Methods: In the present study, we performed single-cell RNA sequencing (scRNA-seq) on primary equine MSCs that were collected from three donor-matched tissue sources; adipose tissue (AT), bone marrow (BM), and peripheral blood (PB). Based on transcriptional differences detected with scRNA-seq, we performed functional experiments to examine motility and immune regulatory function in distinct MSC populations.

Results: We observed both inter- and intra-source heterogeneity across the three sources of equine MSCs. Functional experiments demonstrated that transcriptional differences correspond with phenotypic variance in cellular motility and immune regulatory function. Specifically, we found that (i) differential expression of junctional adhesion molecule 2 (JAM2) between MSC cultures from the three donor-matched tissue sources translated into altered cell motility of BM-derived MSCs when RNA interference was used to knock down this gene, and (ii) differences in C-X-C motif chemokine ligand 6 (CXCL6) expression in clonal MSC lines derived from the same tissue source correlated with the chemoattractive capacity of PB-derived MSCs.

Conclusions: Ultimately, these findings will enhance our understanding of MSC heterogeneity and will lead to improvements in the therapeutic potential of MSCs, accelerating the transition from bench to bedside.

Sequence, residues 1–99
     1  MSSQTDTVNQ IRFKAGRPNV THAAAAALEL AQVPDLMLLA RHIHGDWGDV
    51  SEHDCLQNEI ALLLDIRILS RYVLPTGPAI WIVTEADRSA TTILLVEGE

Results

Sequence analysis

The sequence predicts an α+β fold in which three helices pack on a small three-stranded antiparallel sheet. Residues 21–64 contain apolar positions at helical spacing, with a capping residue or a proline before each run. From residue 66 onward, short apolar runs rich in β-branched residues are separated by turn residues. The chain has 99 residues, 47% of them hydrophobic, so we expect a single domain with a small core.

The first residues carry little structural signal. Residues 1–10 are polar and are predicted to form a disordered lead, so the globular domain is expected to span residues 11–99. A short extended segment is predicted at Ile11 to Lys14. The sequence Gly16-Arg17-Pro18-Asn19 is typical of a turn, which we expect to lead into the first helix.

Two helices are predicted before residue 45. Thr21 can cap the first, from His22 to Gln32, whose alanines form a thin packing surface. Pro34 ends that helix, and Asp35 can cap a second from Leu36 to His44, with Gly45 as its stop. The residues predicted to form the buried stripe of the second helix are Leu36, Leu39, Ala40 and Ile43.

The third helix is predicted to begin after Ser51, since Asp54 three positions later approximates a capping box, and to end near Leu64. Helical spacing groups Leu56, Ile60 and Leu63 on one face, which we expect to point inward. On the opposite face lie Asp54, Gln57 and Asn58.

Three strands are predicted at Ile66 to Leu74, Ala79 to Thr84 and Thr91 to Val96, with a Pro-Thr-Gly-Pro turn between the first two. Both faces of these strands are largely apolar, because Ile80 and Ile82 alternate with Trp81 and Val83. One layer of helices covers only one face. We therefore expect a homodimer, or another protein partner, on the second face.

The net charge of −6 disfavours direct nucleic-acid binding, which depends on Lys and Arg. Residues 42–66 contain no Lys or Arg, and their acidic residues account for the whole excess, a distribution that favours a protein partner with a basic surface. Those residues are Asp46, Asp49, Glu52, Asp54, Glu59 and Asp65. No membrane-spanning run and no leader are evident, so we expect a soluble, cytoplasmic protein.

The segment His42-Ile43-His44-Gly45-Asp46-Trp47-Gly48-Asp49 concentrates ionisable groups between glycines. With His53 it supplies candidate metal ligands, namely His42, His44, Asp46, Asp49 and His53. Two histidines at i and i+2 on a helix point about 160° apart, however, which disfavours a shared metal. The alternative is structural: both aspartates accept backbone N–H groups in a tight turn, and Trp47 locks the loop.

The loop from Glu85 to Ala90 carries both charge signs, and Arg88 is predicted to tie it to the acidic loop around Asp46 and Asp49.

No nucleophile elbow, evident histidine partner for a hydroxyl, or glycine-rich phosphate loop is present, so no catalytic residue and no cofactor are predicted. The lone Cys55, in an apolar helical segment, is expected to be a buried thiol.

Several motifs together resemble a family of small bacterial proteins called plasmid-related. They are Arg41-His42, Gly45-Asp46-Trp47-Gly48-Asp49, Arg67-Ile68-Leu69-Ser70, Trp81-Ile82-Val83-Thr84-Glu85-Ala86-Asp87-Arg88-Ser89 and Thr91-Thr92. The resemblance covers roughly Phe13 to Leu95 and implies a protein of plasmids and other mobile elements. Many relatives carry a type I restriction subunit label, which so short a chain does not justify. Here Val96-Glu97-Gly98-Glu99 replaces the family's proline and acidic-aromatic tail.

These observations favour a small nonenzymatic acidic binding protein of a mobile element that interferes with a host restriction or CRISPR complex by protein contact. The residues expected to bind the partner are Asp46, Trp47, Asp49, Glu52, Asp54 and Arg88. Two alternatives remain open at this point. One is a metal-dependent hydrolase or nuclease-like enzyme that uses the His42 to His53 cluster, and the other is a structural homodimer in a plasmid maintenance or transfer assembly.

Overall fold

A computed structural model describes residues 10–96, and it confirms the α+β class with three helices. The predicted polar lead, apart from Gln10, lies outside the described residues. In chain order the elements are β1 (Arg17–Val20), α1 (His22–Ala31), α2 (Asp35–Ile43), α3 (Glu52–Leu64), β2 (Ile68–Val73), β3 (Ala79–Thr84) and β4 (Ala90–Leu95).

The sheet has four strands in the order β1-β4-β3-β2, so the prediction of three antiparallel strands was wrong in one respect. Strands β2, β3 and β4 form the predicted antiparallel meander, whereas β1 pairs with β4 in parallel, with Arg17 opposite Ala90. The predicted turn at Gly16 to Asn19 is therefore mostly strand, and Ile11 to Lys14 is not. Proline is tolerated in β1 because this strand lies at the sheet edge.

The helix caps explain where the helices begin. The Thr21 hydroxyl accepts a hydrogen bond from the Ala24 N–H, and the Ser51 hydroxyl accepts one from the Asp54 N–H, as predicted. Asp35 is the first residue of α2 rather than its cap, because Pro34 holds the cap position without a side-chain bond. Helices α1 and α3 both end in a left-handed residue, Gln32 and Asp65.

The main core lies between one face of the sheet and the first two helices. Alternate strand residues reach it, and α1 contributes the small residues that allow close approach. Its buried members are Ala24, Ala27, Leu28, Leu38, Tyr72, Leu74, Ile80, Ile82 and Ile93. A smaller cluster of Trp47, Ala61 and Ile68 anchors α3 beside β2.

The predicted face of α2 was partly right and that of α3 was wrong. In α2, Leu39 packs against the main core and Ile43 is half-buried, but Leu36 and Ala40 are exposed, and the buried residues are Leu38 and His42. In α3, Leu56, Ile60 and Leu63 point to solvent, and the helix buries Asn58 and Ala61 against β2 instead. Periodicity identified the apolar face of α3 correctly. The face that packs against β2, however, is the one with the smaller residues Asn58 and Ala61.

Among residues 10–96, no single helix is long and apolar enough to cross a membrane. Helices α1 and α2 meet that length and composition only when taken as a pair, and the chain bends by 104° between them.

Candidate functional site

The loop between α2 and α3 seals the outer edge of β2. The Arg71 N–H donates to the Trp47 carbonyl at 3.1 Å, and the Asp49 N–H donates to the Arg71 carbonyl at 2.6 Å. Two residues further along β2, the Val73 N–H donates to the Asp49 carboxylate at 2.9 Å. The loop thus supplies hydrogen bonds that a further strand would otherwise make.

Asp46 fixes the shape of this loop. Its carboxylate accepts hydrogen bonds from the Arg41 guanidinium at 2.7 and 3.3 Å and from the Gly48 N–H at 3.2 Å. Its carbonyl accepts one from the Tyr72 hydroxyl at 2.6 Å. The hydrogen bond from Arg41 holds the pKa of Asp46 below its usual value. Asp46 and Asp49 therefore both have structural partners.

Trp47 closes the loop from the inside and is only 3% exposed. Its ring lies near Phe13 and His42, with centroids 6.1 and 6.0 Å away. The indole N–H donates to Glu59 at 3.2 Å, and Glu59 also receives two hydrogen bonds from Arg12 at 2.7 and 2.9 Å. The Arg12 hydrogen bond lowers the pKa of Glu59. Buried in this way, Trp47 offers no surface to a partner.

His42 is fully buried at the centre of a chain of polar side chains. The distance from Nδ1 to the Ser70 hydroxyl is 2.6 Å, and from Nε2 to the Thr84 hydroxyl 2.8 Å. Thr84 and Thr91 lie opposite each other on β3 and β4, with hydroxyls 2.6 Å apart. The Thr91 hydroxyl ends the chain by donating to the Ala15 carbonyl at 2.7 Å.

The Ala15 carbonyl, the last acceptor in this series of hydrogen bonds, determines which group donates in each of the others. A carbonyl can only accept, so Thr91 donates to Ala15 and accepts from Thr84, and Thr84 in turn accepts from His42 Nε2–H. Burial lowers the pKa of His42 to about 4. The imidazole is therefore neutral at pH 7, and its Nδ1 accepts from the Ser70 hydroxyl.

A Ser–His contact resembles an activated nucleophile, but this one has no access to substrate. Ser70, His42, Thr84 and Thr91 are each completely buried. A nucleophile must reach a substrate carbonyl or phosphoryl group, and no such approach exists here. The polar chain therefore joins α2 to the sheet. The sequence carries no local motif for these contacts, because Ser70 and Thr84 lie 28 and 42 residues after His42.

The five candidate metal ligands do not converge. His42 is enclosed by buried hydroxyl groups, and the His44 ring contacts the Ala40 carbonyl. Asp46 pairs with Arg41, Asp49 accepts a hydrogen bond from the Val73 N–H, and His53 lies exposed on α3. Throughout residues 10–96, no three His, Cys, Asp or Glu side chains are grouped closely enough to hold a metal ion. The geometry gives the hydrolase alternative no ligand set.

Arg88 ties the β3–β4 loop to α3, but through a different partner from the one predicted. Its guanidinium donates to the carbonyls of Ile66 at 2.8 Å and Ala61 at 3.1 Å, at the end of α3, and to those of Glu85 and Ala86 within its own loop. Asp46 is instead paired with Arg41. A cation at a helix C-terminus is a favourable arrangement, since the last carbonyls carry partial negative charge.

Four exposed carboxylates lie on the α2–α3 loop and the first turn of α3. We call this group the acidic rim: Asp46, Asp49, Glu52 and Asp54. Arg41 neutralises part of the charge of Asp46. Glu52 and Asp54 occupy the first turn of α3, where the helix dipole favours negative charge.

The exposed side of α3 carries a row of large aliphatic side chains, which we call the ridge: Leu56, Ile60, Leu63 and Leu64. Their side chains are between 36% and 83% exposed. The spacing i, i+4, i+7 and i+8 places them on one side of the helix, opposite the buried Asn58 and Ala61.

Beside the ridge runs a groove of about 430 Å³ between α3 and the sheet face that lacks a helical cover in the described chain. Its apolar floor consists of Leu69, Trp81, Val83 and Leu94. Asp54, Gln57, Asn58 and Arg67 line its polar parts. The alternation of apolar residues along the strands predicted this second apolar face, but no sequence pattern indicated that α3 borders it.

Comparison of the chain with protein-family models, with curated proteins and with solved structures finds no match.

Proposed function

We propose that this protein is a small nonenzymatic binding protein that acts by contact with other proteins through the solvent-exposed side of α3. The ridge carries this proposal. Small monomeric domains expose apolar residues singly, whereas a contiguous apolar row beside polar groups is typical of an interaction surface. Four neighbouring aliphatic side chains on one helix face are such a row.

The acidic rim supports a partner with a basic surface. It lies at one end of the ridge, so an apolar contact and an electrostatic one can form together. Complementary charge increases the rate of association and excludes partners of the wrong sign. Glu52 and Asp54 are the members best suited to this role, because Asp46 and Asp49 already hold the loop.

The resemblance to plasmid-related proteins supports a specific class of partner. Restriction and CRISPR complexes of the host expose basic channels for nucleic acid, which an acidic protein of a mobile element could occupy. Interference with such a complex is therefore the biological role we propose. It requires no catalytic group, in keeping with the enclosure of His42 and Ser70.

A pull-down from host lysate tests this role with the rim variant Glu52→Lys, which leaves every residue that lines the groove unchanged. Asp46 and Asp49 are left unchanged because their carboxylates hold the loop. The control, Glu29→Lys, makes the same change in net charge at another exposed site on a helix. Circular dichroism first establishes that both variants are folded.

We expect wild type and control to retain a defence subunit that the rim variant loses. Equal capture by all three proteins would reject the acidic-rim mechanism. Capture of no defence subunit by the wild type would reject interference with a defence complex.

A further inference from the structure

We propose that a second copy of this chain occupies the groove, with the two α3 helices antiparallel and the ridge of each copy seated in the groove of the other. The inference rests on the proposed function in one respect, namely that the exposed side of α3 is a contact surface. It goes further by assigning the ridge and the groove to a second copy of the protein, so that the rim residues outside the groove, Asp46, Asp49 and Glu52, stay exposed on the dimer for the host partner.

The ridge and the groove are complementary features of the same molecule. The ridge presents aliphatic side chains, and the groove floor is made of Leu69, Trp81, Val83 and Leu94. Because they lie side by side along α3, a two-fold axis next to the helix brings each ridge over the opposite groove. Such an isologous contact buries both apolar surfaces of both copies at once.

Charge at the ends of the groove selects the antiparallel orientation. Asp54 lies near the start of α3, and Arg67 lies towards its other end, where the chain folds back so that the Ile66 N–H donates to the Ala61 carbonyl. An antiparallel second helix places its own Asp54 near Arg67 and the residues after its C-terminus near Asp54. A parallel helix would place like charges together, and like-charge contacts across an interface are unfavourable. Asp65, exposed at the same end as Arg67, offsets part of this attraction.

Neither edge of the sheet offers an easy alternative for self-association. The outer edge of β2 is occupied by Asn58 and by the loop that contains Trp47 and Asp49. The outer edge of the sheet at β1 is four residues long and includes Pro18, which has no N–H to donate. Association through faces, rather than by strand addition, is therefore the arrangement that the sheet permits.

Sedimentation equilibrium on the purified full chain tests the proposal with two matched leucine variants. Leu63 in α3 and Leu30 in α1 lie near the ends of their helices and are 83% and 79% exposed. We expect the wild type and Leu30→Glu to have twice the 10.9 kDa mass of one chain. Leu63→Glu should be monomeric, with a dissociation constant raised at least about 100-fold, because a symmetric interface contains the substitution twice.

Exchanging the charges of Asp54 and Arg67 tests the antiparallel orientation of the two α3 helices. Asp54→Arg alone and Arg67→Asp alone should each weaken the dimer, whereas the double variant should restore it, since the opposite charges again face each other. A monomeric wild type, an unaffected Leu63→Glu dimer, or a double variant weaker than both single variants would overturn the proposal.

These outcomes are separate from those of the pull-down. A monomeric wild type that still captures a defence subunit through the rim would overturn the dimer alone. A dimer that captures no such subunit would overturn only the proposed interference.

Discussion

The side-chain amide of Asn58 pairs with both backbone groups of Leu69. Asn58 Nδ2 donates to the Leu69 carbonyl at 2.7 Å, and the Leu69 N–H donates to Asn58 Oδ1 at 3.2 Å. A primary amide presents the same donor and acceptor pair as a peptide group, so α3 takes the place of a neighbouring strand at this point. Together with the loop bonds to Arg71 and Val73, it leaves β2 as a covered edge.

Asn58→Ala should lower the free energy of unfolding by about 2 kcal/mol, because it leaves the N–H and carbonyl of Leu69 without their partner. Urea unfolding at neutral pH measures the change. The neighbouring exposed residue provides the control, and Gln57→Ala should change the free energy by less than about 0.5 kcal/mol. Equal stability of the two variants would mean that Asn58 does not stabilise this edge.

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http://dx.doi.org/10.1186/s13287-020-02043-5DOI Listing
http://www.ncbi.nlm.nih.gov/pmc/articles/PMC7716481PMC
December 2020

Identification of Required Host Factors for SARS-CoV-2 Infection in Human Cells.

Cell 2021 01 24;184(1):92-105.e16. Epub 2020 Oct 24.

New York Genome Center, New York, NY, USA; Department of Biology, New York University, New York, NY, USA. Electronic address:

To better understand host-virus genetic dependencies and find potential therapeutic targets for COVID-19, we performed a genome-scale CRISPR loss-of-function screen to identify host factors required for SARS-CoV-2 viral infection of human alveolar epithelial cells. Top-ranked genes cluster into distinct pathways, including the vacuolar ATPase proton pump, Retromer, and Commander complexes. We validate these gene targets using several orthogonal methods such as CRISPR knockout, RNA interference knockdown, and small-molecule inhibitors. Using single-cell RNA-sequencing, we identify shared transcriptional changes in cholesterol biosynthesis upon loss of top-ranked genes. In addition, given the key role of the ACE2 receptor in the early stages of viral entry, we show that loss of RAB7A reduces viral entry by sequestering the ACE2 receptor inside cells. Overall, this work provides a genome-scale, quantitative resource of the impact of the loss of each host gene on fitness/response to viral infection.
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http://dx.doi.org/10.1016/j.cell.2020.10.030DOI Listing
http://www.ncbi.nlm.nih.gov/pmc/articles/PMC7584921PMC
January 2021

SARS-CoV-2 Orf6 hijacks Nup98 to block STAT nuclear import and antagonize interferon signaling.

Proc Natl Acad Sci U S A 2020 11 23;117(45):28344-28354. Epub 2020 Oct 23.

Department of Microbiology, Icahn School of Medicine at Mount Sinai, New York, NY 10029;